- Ethics and Law Enforcement: This course explores the competing value systems and ethical challenges confronting law enforcement professionals. Coursework covers philosophical and legal foundations, theories, and the methods of ethics as they apply to criminal justice and law enforcement administration and practice. Degree-seekers can analyze case studies that illustrate philosophical and practical dilemmas that challenge personal and professional ethical perspectives.
- Diversity and Law Enforcement: This course examines how law enforcement administration and practice reflect racial, ethnic, gender, and economic inequality in American society. Topics include disparities in arrest and sentencing, demographics of correctional populations, racial profiling and biased-based policing, and police-community relations. Students can learn effective and culturally competent techniques for working with diverse populations.
- Terrorism and Homeland Security: This examination of domestic and international terrorism and homeland security focuses on identifying threats, risk analysis, and strategies for responses and prevention. The course emphasizes the preparedness of local, federal, and international law enforcement agencies; the importance of coordination among agencies; and developing and implementing action plans.
What Exams or Projects Should I Expect?
Completing a master’s in law enforcement online will typically involve a capstone experience during the last term of study. This capstone commonly takes the form of a research project or policy evaluation that requires each enrollee to apply the knowledge and skills acquired in their coursework. Students sometimes prepare portfolios of representative assignments and projects completed in previous semesters for presentation and evaluation.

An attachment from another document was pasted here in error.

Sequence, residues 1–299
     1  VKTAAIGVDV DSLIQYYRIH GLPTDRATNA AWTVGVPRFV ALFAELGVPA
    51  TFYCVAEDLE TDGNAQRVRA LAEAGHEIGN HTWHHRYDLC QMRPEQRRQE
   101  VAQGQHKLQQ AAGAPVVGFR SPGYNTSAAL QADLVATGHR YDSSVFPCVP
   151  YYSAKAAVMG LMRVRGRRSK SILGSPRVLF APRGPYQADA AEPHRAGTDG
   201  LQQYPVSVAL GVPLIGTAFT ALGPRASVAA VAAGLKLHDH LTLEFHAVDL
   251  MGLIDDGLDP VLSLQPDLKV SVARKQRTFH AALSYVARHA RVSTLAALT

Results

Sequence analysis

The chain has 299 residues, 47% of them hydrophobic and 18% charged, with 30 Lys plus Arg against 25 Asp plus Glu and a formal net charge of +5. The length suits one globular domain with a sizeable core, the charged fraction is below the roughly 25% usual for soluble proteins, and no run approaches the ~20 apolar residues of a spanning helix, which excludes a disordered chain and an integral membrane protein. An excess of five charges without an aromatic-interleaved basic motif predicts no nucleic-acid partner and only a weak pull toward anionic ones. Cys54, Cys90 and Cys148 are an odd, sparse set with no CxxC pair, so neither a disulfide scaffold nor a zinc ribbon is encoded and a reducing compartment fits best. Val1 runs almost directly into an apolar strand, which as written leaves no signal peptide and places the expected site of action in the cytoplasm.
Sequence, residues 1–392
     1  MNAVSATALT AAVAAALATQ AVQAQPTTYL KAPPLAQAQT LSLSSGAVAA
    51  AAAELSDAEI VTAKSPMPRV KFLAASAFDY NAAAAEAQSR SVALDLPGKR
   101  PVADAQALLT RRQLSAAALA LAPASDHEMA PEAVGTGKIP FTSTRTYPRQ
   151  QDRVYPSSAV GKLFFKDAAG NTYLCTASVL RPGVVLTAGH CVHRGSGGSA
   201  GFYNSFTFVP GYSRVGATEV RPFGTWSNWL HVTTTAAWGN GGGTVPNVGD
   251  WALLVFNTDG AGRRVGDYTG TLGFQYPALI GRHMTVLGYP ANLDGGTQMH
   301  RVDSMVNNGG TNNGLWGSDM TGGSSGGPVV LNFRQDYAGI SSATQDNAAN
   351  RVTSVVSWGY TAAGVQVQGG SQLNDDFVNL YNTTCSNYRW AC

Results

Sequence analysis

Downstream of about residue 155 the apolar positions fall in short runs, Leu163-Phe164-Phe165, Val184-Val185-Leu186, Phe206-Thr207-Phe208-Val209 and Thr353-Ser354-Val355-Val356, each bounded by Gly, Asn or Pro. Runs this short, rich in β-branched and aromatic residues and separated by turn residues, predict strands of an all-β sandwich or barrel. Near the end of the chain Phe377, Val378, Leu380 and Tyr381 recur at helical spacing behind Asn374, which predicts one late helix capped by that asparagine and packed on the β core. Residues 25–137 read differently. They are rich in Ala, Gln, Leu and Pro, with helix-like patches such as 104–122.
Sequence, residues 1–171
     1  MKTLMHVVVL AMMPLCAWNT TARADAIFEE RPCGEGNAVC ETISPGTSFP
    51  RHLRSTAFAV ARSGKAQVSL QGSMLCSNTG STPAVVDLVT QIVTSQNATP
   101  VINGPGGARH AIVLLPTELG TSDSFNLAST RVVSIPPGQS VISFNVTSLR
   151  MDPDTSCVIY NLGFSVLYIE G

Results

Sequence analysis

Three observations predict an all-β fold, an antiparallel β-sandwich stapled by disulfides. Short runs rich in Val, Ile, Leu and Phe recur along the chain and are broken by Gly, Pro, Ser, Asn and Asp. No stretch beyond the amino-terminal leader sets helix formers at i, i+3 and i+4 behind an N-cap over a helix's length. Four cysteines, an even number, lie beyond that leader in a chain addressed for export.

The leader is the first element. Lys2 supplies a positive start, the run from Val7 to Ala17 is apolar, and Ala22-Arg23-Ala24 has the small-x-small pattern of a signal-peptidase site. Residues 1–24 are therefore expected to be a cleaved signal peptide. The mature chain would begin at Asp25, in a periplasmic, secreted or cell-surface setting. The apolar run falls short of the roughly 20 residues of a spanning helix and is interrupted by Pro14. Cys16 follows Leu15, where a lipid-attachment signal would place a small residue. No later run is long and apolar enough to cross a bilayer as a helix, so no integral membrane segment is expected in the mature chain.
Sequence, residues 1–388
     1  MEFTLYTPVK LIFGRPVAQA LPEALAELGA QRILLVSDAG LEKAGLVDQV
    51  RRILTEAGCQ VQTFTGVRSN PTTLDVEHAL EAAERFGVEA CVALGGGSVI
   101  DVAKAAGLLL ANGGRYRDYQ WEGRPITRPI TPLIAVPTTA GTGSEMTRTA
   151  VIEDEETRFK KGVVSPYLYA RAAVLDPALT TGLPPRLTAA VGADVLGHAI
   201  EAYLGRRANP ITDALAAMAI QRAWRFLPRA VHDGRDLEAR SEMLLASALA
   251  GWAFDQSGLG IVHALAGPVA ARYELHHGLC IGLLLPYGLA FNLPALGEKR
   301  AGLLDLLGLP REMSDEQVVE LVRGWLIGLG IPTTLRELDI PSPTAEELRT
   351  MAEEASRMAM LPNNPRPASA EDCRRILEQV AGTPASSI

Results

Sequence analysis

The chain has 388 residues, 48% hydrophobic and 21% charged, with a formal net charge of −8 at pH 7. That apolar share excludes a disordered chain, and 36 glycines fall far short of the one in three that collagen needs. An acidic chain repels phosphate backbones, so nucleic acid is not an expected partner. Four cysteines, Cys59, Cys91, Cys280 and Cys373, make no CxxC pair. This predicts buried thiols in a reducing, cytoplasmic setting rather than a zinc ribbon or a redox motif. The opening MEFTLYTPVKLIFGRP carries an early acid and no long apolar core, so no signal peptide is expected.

Some programs feature a thesis option, providing degree-seekers with the chance to develop and carry out an independent research project. Internships and field experiences can give students real-world professional experience in a law enforcement setting.
How Much Can I Make With a Career in Law Enforcement
While a master’s in law enforcement does not automatically guarantee a hefty salary, master degree-holders typically earn more than law enforcement professionals with only bachelor’s degrees or associate diplomas. Years of experience, geographic location, and the projected demand for certain occupations all impact salary rates. This table provides general salary and job growth information for some common careers pursued by master’s-level graduates.
Criminal Investigators and Special Agents
Working in local, state, and federal agencies, these law enforcement professionals investigate alleged criminal violations, conduct interviews and surveillance, collect evidence, and prepare written reports of their findings. Depending on their positions and agency, they may investigate financial fraud, hate crimes, organized crime, kidnapping, political corruption, and other violations of state or federal statutes.
Median Annual Salary: $81,920
Job Growth 2018-2028: 2-3%
Emergency Management Directors
Emergency management directors develop procedures and action plans for responding to natural disasters and other emergencies that threaten public safety. They coordinate with government agencies, law enforcement, and nonprofit organizations to assess and respond to emergencies and disasters to minimize risk to people and manage damage to property.